BERNIE MIKLASZ WATCH: AN ODE TO THE LAST SEASON AT BUSCH STADIUM



In this edition of Bernie Miklasz Watch we look at the article Bernie wrote on April 7, 2005 talking about the last season at Busch stadium. It’s a tough topic to cover without sounding too sappy.

Bernie starts off pretty dramatic:

It was like having a screen in front of the stage, with blankets covering the props, and the lights turned down low to keep the theater dim until it was time for the drama to begin.

Does it work? I guess. It’s pretty easy to reach the theater from the drama of baseball.

He keeps up the dramatic bent, but breaks out this awesome quote from George Will:

In a 1990 interview with the Post-Dispatch, political commentator and baseball observer George Will posed this acerbic question: “‘How did such a great and serious baseball town build such a hideous stadium?”

Excellent. This is really the core question of the history of Busch Stadium. How did such an eye sore and fan unfriendly place become home to the best fans in baseball?

He answers this a bit later:

And most of those fans will tell you: It isn’t the structure that makes a baseball stadium special. Cardinals fans from St. Louis and around the nation – the team once again has filled credit-card ticket orders from more than 40 states this season – know the baseball experience at Busch is more about people than building design.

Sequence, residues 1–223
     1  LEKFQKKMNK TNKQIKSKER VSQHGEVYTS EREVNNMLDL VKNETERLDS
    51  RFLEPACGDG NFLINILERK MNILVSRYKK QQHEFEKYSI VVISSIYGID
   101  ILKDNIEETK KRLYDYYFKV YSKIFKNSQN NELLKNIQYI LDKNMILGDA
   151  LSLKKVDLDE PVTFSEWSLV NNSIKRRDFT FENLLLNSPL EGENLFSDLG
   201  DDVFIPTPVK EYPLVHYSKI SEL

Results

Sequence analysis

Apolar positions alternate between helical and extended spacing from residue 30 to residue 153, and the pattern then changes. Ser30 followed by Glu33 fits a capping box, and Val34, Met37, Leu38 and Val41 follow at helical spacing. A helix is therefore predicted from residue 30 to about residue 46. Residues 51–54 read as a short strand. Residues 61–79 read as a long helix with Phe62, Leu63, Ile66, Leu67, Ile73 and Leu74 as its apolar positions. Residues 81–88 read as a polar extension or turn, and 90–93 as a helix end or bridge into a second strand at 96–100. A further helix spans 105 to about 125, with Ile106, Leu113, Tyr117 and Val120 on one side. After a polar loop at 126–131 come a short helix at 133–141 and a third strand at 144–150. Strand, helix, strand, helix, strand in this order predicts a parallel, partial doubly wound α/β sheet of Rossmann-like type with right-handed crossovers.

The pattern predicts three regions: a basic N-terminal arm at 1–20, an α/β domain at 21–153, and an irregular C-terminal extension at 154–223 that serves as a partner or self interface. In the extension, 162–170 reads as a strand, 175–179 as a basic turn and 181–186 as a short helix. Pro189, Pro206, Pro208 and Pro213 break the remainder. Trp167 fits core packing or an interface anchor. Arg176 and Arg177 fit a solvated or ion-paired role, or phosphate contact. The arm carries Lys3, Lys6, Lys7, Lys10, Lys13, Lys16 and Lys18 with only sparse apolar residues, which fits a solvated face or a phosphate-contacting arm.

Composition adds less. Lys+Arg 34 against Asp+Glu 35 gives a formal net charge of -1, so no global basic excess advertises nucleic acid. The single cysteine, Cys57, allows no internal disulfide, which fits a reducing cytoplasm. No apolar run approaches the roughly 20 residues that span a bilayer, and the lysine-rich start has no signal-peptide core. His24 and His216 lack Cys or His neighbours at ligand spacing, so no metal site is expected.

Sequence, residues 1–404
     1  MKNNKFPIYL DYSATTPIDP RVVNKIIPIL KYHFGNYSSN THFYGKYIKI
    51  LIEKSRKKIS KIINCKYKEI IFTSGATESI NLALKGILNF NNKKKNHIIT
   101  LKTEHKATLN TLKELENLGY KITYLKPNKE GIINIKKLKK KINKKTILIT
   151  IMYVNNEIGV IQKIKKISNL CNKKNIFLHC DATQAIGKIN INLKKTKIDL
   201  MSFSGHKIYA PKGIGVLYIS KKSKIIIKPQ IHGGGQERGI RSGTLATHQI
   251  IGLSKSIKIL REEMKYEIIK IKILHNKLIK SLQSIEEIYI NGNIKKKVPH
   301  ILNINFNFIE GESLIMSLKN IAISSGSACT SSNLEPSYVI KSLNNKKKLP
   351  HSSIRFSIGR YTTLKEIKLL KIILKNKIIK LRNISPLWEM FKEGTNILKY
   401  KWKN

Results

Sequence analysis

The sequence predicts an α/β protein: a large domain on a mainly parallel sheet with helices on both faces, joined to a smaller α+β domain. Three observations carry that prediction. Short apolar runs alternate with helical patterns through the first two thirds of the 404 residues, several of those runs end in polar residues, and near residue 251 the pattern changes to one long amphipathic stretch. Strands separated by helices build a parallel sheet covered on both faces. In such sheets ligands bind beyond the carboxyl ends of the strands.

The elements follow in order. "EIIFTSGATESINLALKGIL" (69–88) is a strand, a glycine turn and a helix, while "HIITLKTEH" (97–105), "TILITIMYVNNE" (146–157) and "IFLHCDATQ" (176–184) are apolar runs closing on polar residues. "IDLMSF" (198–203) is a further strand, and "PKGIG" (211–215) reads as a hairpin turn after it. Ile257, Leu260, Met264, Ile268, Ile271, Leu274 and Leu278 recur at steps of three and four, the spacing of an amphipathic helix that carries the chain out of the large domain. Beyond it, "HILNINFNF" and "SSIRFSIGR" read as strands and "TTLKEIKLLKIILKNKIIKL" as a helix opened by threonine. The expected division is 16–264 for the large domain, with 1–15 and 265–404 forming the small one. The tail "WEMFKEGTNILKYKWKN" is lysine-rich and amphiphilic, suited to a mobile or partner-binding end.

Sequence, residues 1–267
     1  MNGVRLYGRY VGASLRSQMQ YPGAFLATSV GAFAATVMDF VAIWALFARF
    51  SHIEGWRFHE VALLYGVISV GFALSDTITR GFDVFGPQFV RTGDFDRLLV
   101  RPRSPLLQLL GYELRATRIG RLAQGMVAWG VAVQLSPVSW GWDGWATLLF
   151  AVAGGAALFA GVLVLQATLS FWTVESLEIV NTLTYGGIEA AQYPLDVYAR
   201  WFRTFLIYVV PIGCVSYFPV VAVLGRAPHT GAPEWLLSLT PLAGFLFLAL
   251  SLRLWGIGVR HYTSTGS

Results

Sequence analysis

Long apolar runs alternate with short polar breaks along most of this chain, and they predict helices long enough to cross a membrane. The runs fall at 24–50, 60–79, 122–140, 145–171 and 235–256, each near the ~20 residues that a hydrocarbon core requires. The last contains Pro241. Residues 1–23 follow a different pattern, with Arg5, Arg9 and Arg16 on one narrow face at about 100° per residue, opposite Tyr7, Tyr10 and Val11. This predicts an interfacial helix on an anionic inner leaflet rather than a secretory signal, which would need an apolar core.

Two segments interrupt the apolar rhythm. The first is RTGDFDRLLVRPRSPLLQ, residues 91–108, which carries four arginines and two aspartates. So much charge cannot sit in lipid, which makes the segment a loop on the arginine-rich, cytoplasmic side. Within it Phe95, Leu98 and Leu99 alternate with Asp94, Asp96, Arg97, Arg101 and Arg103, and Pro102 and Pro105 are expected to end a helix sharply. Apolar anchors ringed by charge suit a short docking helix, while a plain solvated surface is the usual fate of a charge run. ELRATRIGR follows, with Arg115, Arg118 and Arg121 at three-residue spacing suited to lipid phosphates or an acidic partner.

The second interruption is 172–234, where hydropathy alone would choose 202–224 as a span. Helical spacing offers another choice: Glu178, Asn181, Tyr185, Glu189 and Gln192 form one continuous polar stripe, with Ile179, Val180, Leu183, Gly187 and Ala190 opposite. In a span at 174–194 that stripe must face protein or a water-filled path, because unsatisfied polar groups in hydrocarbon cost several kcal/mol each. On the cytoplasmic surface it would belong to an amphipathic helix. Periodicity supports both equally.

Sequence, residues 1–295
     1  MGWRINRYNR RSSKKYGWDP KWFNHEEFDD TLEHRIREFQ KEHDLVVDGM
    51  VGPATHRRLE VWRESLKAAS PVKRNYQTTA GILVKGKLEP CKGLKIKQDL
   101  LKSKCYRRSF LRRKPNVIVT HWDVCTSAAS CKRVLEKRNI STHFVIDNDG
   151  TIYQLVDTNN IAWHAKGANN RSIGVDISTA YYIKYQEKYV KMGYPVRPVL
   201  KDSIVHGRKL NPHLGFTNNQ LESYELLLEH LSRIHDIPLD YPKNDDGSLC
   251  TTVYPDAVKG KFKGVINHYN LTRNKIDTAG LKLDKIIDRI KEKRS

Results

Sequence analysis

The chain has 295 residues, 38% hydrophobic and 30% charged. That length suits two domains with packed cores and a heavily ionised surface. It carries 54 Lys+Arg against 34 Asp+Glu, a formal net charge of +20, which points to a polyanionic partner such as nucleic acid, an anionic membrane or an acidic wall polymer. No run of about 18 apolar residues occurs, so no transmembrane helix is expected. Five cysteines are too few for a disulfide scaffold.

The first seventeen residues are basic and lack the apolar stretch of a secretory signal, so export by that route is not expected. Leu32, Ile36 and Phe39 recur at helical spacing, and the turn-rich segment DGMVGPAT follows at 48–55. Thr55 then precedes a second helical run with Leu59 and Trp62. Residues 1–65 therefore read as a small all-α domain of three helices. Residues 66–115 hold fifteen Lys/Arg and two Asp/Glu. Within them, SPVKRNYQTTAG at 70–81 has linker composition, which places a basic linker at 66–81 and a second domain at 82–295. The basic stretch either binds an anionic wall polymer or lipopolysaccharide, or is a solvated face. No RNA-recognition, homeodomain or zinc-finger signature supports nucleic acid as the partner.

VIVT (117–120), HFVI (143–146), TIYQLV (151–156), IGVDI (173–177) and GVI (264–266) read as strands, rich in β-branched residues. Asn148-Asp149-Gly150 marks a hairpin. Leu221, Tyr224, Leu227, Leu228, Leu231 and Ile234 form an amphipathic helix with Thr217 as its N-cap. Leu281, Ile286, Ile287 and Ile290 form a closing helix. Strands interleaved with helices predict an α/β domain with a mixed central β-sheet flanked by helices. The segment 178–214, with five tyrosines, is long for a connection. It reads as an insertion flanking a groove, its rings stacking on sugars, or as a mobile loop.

Good point. I don’t think it goes as far as it should.


Bernie then moves on to talk a bit more about the history of Busch Stadium. There is a point he makes about the Beatles:

On Aug. 21, 1966, the Beatles played a concert at Busch and drew 23,000 fans. Granted, it was raining when the Beatles played, but still … John, Paul, George and Ringo were no match for, say, the Milwaukee Brewers on a Monday night in June.

Perfect. Now that draws the comparison to the best fans in baseball and brings it home.

He gets a little sappy at the end:

The interaction with fellow fans and Cardinals players is stronger than stadium concrete. The bond between a grandparent holding a grandchild’s hand as they walk together through the Busch gates is more powerful than steel. The memories can hold any stadium together in our imagination, even after it’s gone.

Tear jerker, sure, but the obvious one.

Score: 6 out of 10.